The new rules for female athletes with naturally high testosterone levels are "wrong", says sprinter Dutee Chand.
It was announced on Thursday that some athletes will have to take medication to race in track events from 400m up to the mile from November onwards.
Chand, who successfully challenged a similar ruling in 2015, said she felt for those such as South Africa's Caster Semenya who are likely to be impacted.
"I have offered Semenya my legal team if she needs," said Indian Chand, 22.
"I have emailed her offering my support and help."
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Two-time Olympic 800m champion Semenya, who also competes in the 1500m, has previously been asked to undertake gender testing by athletics chiefs.
"I am happy and relieved after four years of uncertainty but I feel for athletes like Semenya," said 100m and 200m sprinter Chand, who will not be affected by the ruling.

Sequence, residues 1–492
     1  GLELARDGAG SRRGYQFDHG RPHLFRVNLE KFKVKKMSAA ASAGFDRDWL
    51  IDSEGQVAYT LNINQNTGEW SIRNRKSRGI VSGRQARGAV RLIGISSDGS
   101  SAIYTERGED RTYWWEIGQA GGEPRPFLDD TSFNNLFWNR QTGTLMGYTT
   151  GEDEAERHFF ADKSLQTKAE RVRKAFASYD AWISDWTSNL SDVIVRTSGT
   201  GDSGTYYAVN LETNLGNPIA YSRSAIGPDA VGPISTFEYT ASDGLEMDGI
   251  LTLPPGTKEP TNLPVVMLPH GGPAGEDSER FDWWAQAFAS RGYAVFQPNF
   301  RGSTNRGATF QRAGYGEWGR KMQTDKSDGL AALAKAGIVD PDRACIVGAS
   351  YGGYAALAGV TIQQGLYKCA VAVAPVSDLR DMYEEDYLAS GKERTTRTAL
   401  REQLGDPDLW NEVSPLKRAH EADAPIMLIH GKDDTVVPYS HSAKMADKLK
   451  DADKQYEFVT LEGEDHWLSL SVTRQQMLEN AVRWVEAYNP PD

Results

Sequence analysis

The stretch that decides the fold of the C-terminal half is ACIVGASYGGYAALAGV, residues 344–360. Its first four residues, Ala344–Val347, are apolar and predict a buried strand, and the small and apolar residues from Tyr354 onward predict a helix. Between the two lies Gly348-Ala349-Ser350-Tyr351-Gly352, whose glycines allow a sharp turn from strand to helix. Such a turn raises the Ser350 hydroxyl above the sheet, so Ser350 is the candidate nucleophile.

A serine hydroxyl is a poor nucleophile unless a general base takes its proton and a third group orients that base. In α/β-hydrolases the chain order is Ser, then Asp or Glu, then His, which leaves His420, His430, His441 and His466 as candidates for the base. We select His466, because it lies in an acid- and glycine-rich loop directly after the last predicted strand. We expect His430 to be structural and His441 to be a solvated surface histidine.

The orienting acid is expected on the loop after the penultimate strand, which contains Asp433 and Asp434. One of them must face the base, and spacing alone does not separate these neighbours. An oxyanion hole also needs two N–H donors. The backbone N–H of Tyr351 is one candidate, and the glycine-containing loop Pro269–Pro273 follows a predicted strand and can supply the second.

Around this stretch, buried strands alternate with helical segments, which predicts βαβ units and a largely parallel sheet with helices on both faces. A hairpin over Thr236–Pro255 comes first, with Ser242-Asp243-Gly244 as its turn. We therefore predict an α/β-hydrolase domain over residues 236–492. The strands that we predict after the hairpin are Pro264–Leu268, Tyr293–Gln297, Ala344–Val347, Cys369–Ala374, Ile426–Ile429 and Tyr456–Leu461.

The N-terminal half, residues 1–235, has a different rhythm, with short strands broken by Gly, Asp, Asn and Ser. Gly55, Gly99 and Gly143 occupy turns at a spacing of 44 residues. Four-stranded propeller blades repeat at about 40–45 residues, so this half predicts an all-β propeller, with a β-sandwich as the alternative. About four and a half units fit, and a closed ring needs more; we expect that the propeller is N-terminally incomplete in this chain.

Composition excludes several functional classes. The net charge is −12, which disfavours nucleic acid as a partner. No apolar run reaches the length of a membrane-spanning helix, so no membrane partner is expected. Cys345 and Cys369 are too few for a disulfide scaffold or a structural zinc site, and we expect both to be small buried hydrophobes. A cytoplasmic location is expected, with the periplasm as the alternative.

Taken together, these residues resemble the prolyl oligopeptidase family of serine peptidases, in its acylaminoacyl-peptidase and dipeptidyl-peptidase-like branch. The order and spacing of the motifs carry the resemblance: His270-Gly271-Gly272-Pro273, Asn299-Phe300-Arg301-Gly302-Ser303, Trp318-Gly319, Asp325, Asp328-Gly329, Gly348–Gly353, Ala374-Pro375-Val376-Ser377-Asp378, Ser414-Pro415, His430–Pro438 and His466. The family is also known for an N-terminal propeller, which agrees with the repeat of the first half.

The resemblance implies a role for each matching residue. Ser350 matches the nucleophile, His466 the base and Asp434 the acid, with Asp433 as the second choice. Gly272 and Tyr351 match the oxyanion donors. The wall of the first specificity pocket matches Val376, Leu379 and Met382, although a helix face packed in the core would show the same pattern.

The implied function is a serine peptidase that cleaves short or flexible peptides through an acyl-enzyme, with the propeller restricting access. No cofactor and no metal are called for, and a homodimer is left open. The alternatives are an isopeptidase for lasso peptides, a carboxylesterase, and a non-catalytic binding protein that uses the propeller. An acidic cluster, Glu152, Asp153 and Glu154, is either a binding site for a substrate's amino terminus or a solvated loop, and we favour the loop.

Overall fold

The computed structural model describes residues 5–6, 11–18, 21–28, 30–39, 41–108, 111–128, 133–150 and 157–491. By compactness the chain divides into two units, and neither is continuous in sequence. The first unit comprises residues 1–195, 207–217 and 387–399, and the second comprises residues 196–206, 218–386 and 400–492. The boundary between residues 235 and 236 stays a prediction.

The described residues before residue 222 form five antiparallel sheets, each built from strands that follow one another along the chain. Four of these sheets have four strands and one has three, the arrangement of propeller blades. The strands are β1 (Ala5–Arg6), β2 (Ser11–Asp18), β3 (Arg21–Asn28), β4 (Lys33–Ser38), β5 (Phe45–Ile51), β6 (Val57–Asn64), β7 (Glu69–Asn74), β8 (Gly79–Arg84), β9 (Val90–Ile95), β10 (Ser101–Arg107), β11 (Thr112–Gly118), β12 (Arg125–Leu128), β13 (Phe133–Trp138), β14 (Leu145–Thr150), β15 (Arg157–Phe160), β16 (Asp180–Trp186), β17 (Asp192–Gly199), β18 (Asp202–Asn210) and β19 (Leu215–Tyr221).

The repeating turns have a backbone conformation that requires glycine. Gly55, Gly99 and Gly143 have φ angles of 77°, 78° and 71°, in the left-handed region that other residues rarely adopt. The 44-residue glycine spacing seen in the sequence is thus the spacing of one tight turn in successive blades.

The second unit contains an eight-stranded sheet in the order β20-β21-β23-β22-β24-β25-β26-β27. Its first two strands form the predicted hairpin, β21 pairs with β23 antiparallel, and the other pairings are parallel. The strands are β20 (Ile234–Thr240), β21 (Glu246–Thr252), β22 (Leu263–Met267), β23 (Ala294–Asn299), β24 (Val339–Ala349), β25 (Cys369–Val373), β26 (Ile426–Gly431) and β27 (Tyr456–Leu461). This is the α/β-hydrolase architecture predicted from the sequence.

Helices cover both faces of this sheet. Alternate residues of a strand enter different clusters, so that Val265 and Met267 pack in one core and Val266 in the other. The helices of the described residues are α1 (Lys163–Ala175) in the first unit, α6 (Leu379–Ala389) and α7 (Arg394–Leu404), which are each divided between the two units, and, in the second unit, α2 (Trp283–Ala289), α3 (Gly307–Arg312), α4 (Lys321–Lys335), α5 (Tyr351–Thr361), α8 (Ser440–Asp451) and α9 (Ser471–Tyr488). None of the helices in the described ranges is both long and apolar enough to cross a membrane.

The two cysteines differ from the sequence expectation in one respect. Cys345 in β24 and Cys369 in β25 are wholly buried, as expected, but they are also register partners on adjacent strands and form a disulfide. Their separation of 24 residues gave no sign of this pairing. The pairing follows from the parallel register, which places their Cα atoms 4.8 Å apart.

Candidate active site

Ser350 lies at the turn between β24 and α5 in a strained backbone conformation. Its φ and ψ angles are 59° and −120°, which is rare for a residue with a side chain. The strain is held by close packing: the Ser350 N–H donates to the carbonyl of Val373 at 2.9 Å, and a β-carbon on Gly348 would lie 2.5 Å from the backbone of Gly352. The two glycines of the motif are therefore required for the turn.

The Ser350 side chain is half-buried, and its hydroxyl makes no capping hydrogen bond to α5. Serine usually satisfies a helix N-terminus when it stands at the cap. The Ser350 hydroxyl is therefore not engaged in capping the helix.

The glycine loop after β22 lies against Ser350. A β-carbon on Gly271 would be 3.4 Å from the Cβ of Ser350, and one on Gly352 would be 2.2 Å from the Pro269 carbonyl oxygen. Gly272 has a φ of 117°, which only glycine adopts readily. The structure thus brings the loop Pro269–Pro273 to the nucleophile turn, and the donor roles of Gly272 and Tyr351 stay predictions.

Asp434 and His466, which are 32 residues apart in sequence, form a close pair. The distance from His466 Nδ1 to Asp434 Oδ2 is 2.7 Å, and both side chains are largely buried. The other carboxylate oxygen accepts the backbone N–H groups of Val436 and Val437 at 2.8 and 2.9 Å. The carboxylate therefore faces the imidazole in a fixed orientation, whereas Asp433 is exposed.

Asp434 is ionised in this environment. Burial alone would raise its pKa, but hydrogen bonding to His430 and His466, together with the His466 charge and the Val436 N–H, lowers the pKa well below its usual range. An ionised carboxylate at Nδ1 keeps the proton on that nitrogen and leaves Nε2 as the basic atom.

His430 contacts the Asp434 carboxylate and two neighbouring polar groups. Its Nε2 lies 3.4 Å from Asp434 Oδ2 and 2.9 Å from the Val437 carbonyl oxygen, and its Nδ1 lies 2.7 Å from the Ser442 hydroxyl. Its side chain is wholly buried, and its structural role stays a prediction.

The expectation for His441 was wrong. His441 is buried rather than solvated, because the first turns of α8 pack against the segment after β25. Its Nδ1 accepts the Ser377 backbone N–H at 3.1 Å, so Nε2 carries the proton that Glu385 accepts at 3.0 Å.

The sport's governing body – the International Association of Athletics Federations – says the new measures will stop women with high testosterone levels gaining a competitive advantage.
It says research indicates that those women benefit most in the 400m, 400m hurdles, 800m, 1500m, one-mile races and combined events over the same distances.
The study, published in July 2017, also said hammer and pole vault events were affected.
Chand had a ban for failing a hormone test overturned in 2015, which led to the IAAF suspending its "hyperandrogenism" rules for two years.
"I lost crucial years of my career when I could not focus on my training and initially [in 2014] lost six months, which is a significant time in a sportsperson's life," Chand told AFP.
"A medal in the Olympics is what I dream of. Also I missed participating in Commonwealth Games, so will target the 2022 edition in Birmingham."